Accurate measurements of human movement during specific
tasks can increase the understanding of certain behaviors in
response to alterations in our perceived world. Assessment tools
need to be able to collect relevant parameters for the duration of a
particular activity in order to acquire relevant information
regarding the interactions between a person and their surroundings. Traditionally, kinematics and biomechanical aspects of
movement are studied with optical motion analysis systems in
laboratory settings. Although, this kind of research yields valuable
information, the results only remain valid in conditions where no
Introduction
The evolutionary development of the hand as part of the upper
extremity has been essential for progression of the human race.
Bipedalism freed the hands from locomotion for dexterous
behavior, such as tool making and communication [1]. Many of
the gained advantages of freeing up the hands relate to the
interaction of the extremity with objects. It has been suggested that
progression in hand function not only provided new ways to
fabricate and use tools, but also affected other behavior states. This
is illustrated by aggressive behavior, such as clubbing and
throwing, that suddenly became available to the early humans
because of a change in anatomical design [2]. These findings
indicate the range of behaviors that can be influenced by a
changing function of the upper extremity. However, performance
is not just based on the anatomical properties of the limb, since
motor control will define the level of efficiency at which the
movements are executed. Movements are precisely controlled by
the brain and communication deficits between the musculoskeletal
and nervous system lead to direct changes in (motor) behavior.
Even at the early stages of life, spontaneous movements differ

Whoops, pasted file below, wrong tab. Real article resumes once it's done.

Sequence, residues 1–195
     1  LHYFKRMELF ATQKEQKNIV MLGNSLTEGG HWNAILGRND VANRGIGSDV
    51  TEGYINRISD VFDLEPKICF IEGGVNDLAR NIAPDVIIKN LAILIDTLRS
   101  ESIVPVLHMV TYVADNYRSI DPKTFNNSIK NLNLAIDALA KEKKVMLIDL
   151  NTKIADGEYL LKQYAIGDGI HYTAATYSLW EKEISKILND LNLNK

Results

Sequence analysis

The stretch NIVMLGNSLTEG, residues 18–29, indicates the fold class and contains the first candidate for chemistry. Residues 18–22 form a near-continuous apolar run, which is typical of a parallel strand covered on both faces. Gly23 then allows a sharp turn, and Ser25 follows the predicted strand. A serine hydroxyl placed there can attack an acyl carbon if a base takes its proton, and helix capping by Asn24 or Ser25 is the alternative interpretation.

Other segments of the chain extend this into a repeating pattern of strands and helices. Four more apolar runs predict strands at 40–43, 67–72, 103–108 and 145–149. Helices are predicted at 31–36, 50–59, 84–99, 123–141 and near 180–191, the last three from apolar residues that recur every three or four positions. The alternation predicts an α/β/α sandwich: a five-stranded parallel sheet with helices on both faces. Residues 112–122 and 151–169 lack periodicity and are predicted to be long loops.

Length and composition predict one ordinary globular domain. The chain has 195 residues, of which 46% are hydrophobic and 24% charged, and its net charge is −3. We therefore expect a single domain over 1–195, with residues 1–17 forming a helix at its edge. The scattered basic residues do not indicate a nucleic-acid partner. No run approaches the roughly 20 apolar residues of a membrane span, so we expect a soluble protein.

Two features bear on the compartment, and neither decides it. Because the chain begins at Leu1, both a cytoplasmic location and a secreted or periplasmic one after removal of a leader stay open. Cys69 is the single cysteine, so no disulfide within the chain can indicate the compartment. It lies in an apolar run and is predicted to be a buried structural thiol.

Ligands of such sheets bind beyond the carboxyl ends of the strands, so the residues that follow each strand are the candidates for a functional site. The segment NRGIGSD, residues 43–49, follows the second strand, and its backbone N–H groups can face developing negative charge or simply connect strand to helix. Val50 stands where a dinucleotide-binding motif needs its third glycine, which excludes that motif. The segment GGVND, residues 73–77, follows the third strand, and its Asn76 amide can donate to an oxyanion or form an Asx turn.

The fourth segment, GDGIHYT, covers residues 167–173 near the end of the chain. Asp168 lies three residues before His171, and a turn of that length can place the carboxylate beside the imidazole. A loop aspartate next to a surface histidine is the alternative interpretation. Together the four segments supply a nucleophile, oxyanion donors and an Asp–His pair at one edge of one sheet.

between premature infants with brain injuries and those without
injuries [3]. Motor patterns also alter during our life span and
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anticipation or reaction to a real-world environment is required
[7]. It is preferable to collect data on location during real-life
situations where individuals can express ‘‘normal’’ behavior. This
kind of data has a higher degree of ecological validity, therefore
increasing the external validity of the final results (Locke, 1986).
Such an approach would require a portable sensor system that can
collect body segment orientation in any environment under a
range of different conditions.
Triaxial gyroscopes can be used to measure the angular
orientation of a body segment, by integrating the angular velocity
signal. However, a relative small offset error of the signal will
introduce large integration errors. As the majority of normal
human movement generates accelerations below the gravitational
acceleration of 9.81 m/s2, accelerometers can be used to provide
additional inclination information. Since the accelerations that
occur are relatively small compared to the gravity vector, the
magnitude of the acceleration with respect to gravity can be
neglected, thus providing inclination information that can be used
to correct the drifted orientation estimate from the gyroscopes. It
has been shown that a triaxial accelerometer and gyroscope can be
fused together to accurately measure the orientation of human
body segments (Luinge & Veltink, 2005). However, this method
will be less accurate for movements with relatively large
accelerations and it does not provide information of the rotation
component around the vertical axis. Further improvements can be
made by adding a triaxial magnetometer to the measurement unit.
A magnetometer is sensitive to the earth’s magnetic field and gives
information about the heading direction. This information can be
used to correct for drift of the gyroscope about the vertical axis
(Roetenberg et al., 2003). Inertia Measurement Units (IMUs)
consisting of a triaxial accelerometer, gyroscope and magnetometer provide consequently the most accurate measurements of
angular orientation during movement. IMUs have become more
and more popular in the human movement and clinical research
field, as they combine certain notable benefits. They are small,
portable and lightweight, thereby satisfying the requirements to
perform measurements in real-world situations and at the same
time providing a cheaper alternative to the laboratory-bound
optokinetic systems (Veltink et al., 1996).
The aim of this study is to explore the validity of a wearable
sensor system to track the arm (part 1) and investigate if the system
can identify how motor behavior changes with small alterations in
the environment (part 2). The validity of the sensing device is
examined by determining how closely the distal position of the
arm (a solid hand and wrist complex) relates to the position
acquired by an optical tracking device, during a series of